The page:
To be sure, those who doubt the seriousness of climate change are now more likely to describe themselves as sceptics rather than outright deniers, but the effects are the same. Doubting the risks of climate change, opposing serious counter measures and believing in coal’s long-term future is an identity issue for many Coalition politicians.

Then-treasurer Scott Morrison brings a lump of coal to question time in February 2017. Climate change denial is holding back the government from a clear economic strategy.
AAP/Mick Tsiakis

As an identity issue, it is largely impervious to evidence, as we saw in government ministers’ hasty dismissal of the recent Intergovernmental Panel on Climate Change report – before they had even read it, one suspects. Identity issues are also resistant to the normal processes of bargaining and compromise with which many political conflicts are resolved. The National Energy Guarantee was the last of the government’s energy policies to founder on the suspicion that a market mechanism might damage coal. Chief Scientist Alan Finkel’s Clean Energy Target met the same fate.

So now, some members of the party of private enterprise and the free market, which argued for and oversaw the privatisation of most of Australia’s power utilities, are seriously advocating that the government develop a coal-fired power station. Barnaby Joyce has been at it again in recent weeks.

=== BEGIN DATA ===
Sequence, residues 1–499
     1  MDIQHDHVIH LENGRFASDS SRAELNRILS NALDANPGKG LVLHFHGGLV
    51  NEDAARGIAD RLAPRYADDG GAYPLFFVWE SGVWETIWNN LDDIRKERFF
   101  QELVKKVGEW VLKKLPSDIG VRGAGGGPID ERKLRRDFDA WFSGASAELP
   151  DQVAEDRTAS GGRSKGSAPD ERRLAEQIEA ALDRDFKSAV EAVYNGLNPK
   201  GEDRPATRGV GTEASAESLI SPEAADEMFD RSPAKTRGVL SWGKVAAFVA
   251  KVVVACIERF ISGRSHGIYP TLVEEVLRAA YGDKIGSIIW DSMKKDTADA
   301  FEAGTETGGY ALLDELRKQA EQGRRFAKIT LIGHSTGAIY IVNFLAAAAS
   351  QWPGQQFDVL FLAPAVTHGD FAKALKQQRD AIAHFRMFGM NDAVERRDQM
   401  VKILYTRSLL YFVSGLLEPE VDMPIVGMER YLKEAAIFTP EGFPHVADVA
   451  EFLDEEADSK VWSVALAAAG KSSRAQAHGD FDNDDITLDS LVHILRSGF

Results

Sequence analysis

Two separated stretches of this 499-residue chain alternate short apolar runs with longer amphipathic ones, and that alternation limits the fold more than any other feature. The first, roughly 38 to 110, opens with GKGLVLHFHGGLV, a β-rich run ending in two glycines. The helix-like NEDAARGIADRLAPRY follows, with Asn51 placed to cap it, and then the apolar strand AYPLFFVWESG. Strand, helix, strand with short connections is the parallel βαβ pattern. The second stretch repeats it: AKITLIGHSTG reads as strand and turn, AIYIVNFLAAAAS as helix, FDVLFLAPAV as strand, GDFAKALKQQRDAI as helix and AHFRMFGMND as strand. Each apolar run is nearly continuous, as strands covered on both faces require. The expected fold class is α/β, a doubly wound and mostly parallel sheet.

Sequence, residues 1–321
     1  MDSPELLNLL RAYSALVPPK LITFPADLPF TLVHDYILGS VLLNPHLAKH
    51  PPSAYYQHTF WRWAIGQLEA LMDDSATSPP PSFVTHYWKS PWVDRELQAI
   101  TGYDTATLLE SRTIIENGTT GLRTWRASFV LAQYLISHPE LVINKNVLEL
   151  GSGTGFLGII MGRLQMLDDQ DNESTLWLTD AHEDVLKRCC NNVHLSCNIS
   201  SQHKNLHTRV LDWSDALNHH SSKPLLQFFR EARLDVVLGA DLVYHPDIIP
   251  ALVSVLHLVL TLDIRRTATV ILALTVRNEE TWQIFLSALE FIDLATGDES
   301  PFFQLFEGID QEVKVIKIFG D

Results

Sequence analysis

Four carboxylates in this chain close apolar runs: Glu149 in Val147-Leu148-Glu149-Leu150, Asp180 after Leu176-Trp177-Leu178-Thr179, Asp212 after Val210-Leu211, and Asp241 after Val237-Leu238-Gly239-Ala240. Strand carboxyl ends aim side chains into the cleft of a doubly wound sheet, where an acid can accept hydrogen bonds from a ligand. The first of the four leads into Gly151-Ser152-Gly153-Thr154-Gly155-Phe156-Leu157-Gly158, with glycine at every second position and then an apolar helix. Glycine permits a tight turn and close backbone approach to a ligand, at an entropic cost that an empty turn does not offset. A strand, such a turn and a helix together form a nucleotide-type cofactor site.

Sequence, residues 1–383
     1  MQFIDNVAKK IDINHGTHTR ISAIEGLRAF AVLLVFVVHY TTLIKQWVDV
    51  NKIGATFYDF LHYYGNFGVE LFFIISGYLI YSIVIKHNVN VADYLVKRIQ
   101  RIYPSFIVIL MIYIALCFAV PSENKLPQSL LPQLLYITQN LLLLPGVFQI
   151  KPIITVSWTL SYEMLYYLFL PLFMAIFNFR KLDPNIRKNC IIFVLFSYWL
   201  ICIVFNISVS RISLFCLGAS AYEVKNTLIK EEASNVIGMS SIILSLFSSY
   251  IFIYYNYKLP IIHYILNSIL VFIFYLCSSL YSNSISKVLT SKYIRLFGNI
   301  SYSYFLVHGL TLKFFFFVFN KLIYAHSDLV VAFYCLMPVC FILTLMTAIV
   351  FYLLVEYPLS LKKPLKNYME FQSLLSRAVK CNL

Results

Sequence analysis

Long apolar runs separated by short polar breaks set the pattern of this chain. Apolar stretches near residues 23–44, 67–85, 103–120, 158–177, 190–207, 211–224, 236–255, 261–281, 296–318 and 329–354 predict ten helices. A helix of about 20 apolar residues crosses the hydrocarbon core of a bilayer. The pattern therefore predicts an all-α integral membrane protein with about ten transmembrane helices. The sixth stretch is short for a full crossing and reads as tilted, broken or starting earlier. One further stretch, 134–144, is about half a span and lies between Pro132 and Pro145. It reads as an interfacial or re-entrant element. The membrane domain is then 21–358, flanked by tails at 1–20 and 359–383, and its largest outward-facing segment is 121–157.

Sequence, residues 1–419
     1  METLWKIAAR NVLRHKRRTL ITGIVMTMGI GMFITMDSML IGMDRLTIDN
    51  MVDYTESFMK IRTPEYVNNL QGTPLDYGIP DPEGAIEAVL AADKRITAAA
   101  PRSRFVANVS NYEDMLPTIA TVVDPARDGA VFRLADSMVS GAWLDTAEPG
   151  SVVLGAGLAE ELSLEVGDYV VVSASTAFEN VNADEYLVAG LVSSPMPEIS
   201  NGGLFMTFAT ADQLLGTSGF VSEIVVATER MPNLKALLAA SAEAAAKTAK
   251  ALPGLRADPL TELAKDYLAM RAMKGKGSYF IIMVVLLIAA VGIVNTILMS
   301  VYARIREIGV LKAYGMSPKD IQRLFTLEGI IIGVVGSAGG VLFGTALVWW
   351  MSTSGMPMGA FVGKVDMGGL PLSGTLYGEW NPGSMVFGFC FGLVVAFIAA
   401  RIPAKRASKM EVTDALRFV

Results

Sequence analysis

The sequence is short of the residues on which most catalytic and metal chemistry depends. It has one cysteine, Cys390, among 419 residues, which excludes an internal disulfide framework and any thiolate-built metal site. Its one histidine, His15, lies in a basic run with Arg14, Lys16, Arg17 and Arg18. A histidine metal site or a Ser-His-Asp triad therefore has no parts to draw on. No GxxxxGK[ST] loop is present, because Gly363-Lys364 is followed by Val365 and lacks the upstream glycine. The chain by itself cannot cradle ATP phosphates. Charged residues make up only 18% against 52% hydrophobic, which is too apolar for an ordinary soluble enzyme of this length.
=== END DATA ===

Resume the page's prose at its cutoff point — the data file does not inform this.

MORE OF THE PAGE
When AGL announced the planned closure of its ageing Liddell coal-fired power station last year, the government strenuously tried to dissuade it, keep it running for longer or to sell it to rival power company Alinta. The pressure was very public on AGL to “do the right thing”, but also private, with Prime Minister Malcolm Turnbull ringing AGL Chairman Graeme Hunt. It was to no avail, and AGL persisted with its commercially based decision to close the plant and invest instead in the generation of renewable energy, as it had every right to do.




Read more:
The true cost of keeping the Liddell power plant open


To state the obvious, the stubborn commitment to coal is pulling the government’s economic policy towards the sort of state socialism it is supposed to abhor. No wonder it is having difficulty developing a coherent economic narrative.